Thank you, Madam President.
Action Canada makes this statement on behalf of the Sexual Rights Initiative.
Shortly after the start of the COVID-19 pandemic, there is already plenty of evidence of the disproportionate negative impact of the pandemic and the response on women and women’s rights worldwide, especially on poor and marginalized women.
As described in this panel, the impact of the pandemic includes an increase in the burden of reproductive labour and unpaid care work on women, rising rates of domestic violence; including sexual abuse against women, adolescents and girls. At the same time, measures taken by some countries to respond to the pandemic directly impact women and adolescents’ access to sexual and reproductive health services, particularly access to contraception and safe abortion, including when States fail to recognize abortion as an essential health service. These barriers to sexual and non-reproductive rights result in an increase in forced pregnancies, maternal mortality and morbidity, among other issues and violate women's rights to bodily autonomy and health.
Periodically, health crises, natural disasters and armed conflicts take place in different countries and regions, and in these situations, as is happening now with COVID-19, the systematic violation of women's rights, as well as those of other groups on a global scale, is exacerbated and becomes more visible.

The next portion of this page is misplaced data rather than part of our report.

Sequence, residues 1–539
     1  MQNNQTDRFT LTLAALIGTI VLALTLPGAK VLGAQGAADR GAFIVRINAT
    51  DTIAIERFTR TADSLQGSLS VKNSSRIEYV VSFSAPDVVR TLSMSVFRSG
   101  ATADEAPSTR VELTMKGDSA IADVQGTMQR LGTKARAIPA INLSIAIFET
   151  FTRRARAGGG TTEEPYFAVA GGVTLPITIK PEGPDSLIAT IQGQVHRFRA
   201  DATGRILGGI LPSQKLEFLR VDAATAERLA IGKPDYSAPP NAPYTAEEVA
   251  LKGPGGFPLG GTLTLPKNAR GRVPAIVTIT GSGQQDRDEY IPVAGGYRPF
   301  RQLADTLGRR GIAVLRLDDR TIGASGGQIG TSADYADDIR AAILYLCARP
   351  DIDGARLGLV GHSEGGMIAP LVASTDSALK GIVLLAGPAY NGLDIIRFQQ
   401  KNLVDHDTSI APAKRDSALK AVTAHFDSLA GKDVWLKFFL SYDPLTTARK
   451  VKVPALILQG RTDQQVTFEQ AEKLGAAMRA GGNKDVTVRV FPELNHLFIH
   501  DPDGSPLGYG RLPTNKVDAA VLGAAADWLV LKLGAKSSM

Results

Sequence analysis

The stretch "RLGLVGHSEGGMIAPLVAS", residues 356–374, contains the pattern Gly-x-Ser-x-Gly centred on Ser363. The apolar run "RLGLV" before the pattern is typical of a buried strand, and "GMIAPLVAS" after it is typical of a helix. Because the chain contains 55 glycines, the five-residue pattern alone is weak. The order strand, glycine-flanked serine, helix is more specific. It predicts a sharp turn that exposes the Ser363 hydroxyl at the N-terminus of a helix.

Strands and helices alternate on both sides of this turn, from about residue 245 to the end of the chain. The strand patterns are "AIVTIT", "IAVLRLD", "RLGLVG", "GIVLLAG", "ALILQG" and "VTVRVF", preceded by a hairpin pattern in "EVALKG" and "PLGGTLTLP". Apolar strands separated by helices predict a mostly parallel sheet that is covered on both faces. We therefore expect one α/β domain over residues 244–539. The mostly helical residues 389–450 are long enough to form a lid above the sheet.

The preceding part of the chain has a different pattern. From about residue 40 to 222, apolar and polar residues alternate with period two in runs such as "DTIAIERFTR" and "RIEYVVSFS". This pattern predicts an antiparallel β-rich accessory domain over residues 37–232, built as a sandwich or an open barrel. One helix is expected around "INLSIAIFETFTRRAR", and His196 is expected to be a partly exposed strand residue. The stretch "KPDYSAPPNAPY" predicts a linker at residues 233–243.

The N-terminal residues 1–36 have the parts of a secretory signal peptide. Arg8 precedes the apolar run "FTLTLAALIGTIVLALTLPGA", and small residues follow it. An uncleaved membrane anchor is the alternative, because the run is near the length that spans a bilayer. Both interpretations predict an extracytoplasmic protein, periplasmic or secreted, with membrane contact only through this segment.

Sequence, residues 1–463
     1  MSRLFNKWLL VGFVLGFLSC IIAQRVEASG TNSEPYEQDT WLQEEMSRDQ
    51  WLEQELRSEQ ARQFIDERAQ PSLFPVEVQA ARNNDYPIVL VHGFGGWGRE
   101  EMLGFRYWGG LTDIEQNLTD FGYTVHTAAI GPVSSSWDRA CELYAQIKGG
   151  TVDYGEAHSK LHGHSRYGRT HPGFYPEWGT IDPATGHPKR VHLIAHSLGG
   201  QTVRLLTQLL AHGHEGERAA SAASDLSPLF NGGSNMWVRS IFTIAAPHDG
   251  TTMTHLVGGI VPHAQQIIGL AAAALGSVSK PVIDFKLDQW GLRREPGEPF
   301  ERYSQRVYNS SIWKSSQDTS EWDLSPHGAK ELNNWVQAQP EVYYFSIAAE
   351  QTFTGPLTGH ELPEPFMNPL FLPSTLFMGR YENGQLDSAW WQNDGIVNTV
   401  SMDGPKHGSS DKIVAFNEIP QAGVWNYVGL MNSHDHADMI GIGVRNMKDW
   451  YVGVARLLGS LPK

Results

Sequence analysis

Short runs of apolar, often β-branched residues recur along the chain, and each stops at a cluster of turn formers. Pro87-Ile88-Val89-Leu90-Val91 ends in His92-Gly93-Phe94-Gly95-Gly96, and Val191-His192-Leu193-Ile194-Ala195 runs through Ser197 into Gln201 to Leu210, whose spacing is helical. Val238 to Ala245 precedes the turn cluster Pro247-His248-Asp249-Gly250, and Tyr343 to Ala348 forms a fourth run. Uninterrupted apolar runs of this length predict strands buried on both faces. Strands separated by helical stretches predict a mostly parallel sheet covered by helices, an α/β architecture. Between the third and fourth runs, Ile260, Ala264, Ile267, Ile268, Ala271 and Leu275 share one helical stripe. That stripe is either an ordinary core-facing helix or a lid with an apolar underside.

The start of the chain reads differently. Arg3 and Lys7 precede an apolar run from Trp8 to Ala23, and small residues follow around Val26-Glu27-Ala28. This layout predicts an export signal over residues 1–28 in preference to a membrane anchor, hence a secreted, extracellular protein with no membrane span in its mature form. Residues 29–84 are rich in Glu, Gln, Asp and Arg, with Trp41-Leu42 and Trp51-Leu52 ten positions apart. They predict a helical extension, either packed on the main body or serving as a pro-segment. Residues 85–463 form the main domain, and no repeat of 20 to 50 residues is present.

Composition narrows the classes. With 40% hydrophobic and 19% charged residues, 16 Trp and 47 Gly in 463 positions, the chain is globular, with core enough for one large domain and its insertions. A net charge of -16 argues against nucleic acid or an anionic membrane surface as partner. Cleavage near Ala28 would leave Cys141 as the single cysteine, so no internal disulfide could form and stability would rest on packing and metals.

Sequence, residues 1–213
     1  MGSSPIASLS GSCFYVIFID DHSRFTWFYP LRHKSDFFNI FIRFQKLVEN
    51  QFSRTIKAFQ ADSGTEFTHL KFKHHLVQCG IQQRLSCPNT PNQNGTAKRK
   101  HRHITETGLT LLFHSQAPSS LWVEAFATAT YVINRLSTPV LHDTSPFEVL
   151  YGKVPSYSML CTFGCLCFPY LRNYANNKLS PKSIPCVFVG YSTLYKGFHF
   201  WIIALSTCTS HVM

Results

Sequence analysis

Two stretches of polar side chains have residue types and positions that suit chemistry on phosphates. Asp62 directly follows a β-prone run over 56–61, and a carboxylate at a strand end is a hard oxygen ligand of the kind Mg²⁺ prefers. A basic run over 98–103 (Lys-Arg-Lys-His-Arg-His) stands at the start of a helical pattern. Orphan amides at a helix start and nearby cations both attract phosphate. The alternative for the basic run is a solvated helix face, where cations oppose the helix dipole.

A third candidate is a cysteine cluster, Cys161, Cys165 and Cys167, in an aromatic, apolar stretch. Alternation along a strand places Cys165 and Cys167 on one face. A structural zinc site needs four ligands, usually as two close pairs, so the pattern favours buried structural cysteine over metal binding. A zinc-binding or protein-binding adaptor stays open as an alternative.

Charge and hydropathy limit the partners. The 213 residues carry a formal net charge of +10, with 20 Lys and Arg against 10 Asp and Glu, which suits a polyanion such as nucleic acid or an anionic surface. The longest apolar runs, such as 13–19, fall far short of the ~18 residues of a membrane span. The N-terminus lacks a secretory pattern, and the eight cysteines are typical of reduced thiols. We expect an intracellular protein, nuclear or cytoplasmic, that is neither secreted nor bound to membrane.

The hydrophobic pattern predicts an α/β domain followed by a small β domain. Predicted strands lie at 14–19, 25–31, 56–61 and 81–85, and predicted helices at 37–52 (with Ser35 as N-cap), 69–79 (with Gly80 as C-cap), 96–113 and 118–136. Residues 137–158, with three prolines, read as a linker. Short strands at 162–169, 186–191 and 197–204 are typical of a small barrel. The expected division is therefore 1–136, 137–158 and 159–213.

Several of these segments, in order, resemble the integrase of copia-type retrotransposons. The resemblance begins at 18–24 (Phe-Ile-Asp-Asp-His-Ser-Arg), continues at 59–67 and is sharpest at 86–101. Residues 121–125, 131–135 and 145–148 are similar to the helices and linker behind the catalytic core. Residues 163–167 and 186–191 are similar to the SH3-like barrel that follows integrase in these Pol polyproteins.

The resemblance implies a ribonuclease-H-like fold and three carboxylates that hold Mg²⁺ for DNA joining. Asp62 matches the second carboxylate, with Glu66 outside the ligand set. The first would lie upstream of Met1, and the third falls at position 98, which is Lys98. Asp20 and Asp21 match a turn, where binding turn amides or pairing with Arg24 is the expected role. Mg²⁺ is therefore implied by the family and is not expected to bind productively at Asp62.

Making these situations visible is essential but is not enough. Viewing the current crisis as being only the result of the COVID-19 pandemic is to ignore the deep-rooted structural drivers of inequality. It is a crisis caused by racial capitalism and the systematic erosion of public health and essential services. Unfortunately, it also demonstrates that the actions taken by member states, multilateral bodies and their mechanisms, including this Council, are not enough and fail to comprehensively address the root causes of inequality.
A deadly combination of disaster capitalism and IMF-imposed structural adjustment policies will result in a further erosion of human rights. States that have turned to IMF loans to address the economic impacts of COVID-19 will be coerced into structural adjustment programs that will further deplete public health systems and the social security net. All of this has a gendered impact, with women and girls having to step into the gaps left by the state without compensation. Without a radical change in approach and actions to ensure women’s human rights from a feminist and intersectional perspective, we will continue as we are now: fighting to advance and guarantee the rights of women, making efforts and investing insufficient resources, and repeating the evidence on the impact of the lack of rights on all aspects of women's lives, including in times of crisis.